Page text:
Poetry of the Company: Anglo-Indian Poetry
There is a popular misconception that Anglo-Indian (a term used for people of British origin living in India) poetry began with Rudyard Kipling and his works written in the late nineteenth century. But poetical works written in and about India are as old as Britain's history with India.
The British presence was established in the Indian subcontinent by the early eighteenth century. The East India Company was dominant in the Bengal region by the 1760s and in the majority of India by the early nineteenth century, followed by the formation of the British Raj in the 1850s. With the East India Company came soldiers, civil servants, lawyers, and others trying to make a fortune for themselves. These ex-patriots would have found India exotic and strange, which in turn inspired some to write poetry about their new surroundings and experiences.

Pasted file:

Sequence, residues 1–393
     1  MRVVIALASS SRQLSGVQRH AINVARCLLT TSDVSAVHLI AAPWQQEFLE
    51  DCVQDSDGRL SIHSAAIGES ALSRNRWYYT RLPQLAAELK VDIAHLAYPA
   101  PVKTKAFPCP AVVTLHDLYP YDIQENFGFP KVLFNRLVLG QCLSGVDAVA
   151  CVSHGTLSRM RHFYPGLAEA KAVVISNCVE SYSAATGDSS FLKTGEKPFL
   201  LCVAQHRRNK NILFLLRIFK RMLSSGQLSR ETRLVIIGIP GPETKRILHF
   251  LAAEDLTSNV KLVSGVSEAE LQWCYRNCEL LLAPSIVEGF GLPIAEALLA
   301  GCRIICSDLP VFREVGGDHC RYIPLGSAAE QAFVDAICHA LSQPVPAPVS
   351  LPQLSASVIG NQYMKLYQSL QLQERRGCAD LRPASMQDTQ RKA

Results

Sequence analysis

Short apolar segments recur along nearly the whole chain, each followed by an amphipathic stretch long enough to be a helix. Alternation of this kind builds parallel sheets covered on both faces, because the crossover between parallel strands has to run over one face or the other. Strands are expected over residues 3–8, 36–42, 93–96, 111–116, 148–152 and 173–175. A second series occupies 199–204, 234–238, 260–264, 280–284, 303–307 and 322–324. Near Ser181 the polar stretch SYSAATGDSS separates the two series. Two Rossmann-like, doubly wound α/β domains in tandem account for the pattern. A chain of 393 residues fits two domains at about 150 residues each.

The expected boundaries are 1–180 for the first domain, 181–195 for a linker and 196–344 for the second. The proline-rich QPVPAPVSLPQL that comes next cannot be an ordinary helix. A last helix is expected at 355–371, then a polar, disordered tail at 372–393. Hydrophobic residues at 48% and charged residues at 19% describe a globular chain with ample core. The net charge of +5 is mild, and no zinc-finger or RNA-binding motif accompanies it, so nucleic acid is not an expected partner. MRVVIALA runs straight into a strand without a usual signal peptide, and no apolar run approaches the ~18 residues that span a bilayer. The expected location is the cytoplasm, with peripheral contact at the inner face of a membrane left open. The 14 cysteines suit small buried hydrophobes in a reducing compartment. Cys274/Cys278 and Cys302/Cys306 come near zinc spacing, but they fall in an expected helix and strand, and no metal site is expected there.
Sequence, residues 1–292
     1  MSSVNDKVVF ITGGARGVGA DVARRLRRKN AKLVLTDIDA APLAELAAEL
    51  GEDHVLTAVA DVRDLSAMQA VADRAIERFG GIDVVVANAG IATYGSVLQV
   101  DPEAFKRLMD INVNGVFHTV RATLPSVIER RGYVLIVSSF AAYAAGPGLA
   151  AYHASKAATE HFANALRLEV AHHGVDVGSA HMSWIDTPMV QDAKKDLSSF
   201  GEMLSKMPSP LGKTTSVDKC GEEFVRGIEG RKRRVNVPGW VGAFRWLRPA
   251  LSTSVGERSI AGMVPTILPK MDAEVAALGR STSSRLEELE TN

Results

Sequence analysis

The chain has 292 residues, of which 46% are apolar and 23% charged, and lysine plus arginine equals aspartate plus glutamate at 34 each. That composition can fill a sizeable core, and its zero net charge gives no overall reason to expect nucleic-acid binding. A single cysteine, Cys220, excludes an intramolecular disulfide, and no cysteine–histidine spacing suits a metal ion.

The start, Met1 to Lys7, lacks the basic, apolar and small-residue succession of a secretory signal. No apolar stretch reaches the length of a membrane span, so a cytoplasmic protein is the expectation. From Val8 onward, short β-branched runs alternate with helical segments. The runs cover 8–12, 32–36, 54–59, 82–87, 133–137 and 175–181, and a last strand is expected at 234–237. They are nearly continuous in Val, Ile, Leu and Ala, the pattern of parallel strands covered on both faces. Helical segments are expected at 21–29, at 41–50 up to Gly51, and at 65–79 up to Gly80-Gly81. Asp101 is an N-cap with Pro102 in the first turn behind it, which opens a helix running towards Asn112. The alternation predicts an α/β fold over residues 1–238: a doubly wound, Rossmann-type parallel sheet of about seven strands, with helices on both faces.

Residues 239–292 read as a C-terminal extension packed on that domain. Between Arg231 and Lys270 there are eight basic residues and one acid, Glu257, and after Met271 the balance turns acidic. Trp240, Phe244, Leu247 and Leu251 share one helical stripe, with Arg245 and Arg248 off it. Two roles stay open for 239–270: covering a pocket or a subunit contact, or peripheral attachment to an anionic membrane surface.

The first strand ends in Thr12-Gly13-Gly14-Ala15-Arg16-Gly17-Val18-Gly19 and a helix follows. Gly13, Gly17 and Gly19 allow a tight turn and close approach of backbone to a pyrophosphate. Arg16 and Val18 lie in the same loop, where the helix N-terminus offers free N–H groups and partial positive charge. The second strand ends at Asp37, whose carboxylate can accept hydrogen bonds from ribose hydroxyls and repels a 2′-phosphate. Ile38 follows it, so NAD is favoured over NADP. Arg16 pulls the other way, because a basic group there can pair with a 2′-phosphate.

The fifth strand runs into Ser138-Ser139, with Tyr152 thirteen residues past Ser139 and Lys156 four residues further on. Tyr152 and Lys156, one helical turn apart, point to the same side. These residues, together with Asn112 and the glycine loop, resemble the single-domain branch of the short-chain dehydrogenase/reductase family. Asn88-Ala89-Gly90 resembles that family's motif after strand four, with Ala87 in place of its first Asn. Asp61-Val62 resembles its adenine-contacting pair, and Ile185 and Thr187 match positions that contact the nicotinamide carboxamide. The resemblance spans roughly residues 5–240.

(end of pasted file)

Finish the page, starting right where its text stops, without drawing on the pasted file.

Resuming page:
This small group of colonial literati published their individual poems in local journals or had whole volumes printed by publishing houses in Calcutta or Bombay. They tried to emulate their more famous poet counterparts back in England, and in some cases dedicated their works to them. For the first half of the nineteenth century Anglo-Indian poetry was seen as amateur and not taken very seriously by either the writers themselves or the critics; as shown in the dedication of John Malcolm's Miscellaneous Poems, "The Author of this short Poem is aware, that he repeats a very common-place Preface ... when he states, that it was written without the remotest view to Publication." In the second half of the nineteenth century, attempts were made to categorize "British-Indian poetry" but it was still viewed as amateurish and sentimental. It was not until the twentieth century that Anglo-Indian poetry was systematically described and studied as a literature.